In the first two pictures, I particularly liked the contrast of dark and lighter colors of the rock formations.  The third was this bright white rock island (hard to tell from this angle it is an island) called Bird Island.  The fourth is called Devil’s Cauldron.  I liked the last because this is the white rock from a different angle and has a small arch in the bottom left part of the rock that the water has created.  It’s a little hard to see – I missed it until I was taking the picture and happened to notice it.

We also saw some dolphin that came right along side our ship and P1020886some pretty birds as well (the latter is always a challengeP1020923 to get good pictures since both we and they are moving!)

Since we started our “drive around” in the northwestern part of the island (near Georgetown) and went clockwise, one of the last things we saw was the top of where Wideawake Airfield P1170967was and the military base.  From this picture you can see the many antennae that are protected in the white round P1170834coverings on top of the hillside.  Since this island is such an important communications center, I’m including this picture of Signal Hill which is right above the beach where we were supposed to land.  You can see lots of towers at the top of this hill and going up the hillside.  You can’t see them in this picture, but there are two white cannons that were used to protect thP1170984 (2)e island years ago.  And the final picture is similar to the one I took as we arrived to the island early in the morning – only this one is seen with the full sunlight upon it.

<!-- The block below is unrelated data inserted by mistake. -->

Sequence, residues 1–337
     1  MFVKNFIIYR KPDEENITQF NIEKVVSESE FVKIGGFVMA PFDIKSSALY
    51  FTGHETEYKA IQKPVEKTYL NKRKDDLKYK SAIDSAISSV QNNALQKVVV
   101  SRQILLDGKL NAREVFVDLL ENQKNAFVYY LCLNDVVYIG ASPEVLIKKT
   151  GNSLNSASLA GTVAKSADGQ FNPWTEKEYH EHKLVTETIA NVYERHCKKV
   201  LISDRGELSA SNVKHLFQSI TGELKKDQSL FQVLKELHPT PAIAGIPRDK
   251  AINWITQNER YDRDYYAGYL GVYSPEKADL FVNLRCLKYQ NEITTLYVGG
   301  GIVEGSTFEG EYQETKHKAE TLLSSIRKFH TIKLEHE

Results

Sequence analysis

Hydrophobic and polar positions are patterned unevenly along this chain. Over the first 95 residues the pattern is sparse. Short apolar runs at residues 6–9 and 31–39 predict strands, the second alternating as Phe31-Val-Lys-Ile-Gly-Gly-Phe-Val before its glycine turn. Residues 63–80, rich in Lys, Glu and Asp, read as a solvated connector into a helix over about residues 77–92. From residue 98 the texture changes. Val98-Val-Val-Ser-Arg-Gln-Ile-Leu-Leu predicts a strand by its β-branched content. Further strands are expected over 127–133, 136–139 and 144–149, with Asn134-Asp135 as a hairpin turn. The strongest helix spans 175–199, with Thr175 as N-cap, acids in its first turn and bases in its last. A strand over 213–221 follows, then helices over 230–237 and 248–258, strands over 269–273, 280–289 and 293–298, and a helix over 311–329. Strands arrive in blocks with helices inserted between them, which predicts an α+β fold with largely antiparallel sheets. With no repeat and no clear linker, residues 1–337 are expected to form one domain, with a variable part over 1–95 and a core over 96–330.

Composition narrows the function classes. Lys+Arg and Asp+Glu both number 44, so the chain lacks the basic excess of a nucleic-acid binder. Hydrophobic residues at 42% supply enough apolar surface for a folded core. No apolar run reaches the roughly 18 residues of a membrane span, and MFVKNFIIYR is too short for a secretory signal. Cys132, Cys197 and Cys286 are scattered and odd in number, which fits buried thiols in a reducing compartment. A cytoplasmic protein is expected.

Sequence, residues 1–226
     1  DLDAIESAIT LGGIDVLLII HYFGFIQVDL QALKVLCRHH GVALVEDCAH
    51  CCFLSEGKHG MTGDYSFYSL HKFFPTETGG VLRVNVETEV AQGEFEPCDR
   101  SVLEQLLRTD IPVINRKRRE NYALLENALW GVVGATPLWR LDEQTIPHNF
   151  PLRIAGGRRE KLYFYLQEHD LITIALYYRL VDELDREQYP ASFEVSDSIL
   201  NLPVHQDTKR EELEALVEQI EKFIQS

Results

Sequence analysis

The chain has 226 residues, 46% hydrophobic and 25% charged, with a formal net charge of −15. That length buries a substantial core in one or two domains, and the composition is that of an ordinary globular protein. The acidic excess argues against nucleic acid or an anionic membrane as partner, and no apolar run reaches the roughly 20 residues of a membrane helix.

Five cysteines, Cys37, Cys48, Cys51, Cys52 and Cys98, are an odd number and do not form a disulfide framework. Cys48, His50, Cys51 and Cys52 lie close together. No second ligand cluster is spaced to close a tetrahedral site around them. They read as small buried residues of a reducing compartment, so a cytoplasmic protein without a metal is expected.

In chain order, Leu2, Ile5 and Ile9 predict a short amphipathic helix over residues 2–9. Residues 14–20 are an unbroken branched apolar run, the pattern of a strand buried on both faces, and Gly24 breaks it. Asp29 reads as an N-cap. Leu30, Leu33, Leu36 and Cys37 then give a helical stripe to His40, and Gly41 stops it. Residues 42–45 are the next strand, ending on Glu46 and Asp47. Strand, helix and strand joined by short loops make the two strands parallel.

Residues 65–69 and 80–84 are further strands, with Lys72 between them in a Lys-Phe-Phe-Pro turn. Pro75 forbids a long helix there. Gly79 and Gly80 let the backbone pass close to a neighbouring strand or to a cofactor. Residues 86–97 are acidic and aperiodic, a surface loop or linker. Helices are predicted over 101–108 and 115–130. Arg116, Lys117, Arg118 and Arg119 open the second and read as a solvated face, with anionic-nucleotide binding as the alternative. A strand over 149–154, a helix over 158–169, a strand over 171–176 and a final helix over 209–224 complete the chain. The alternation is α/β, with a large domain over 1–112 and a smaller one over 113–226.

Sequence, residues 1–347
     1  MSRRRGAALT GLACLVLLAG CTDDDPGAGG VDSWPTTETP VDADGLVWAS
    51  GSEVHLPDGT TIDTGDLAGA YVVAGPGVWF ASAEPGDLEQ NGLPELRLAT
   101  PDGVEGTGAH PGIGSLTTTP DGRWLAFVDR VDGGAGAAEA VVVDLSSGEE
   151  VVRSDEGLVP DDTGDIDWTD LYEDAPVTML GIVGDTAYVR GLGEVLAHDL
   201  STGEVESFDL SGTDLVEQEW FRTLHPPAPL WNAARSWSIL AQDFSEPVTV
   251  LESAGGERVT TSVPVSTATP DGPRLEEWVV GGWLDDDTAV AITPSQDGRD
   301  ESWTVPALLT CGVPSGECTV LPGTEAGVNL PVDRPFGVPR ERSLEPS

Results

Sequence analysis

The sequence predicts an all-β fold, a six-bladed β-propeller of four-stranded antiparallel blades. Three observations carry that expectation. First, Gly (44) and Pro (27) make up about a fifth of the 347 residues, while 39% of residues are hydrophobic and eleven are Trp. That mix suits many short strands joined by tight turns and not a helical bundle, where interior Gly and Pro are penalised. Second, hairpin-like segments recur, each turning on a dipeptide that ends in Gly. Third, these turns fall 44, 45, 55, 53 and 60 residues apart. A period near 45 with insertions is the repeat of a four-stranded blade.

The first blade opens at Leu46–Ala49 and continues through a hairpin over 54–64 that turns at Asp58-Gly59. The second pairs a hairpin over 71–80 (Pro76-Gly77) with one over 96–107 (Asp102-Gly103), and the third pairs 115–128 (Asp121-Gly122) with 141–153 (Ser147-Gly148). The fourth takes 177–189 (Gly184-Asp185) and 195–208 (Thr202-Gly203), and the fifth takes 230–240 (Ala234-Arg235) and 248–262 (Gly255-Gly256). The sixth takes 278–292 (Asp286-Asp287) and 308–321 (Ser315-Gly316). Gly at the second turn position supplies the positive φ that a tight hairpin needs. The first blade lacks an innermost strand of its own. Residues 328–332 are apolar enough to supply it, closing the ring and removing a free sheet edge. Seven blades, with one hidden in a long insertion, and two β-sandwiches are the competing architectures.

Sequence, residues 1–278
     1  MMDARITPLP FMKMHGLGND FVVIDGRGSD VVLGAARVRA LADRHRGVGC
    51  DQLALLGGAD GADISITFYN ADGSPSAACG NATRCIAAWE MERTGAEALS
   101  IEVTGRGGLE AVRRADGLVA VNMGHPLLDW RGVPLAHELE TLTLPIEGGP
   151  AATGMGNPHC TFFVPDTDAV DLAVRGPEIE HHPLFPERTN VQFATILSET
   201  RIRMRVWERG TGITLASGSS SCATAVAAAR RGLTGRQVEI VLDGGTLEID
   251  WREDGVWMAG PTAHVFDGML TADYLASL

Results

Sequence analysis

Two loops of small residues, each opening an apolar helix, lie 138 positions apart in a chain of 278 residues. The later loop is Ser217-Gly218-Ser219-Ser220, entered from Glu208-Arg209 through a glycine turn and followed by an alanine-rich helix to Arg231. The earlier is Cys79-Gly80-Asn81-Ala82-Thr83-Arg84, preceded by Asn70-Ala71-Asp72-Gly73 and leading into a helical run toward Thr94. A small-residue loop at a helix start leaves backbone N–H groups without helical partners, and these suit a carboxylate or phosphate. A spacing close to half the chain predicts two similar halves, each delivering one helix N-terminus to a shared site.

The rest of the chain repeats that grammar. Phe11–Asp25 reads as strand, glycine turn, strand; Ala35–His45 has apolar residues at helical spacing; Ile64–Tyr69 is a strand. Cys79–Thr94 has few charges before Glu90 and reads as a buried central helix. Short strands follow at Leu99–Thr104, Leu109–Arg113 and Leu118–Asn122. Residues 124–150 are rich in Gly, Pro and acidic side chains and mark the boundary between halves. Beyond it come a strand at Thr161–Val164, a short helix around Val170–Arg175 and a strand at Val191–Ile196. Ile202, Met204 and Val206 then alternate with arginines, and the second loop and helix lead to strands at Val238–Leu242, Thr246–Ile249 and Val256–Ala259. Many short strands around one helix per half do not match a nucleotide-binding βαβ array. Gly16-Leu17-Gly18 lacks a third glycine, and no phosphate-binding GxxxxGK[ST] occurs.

The one thing I did not include because we didn’t get to take pictures of it was the 18 hole golf course here.  It is a bit unique because it is made up of volcanic ash and rock, while the greens are actually brown due to the sand and oil mix used to make them.  It would have been an interesting round for my golf friends and family!